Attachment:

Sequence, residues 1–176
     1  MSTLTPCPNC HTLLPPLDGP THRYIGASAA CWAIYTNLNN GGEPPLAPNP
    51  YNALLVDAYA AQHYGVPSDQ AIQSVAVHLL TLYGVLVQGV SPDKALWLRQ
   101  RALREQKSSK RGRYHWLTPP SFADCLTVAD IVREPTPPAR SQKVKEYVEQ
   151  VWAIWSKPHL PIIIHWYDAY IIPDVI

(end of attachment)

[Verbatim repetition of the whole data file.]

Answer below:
Sequence, residues 1–176
     1  MSTLTPCPNC HTLLPPLDGP THRYIGASAA CWAIYTNLNN GGEPPLAPNP
    51  YNALLVDAYA AQHYGVPSDQ AIQSVAVHLL TLYGVLVQGV SPDKALWLRQ
   101  RALREQKSSK RGRYHWLTPP SFADCLTVAD IVREPTPPAR SQKVKEYVEQ
   151  VWAIWSKPHL PIIIHWYDAY IIPDVI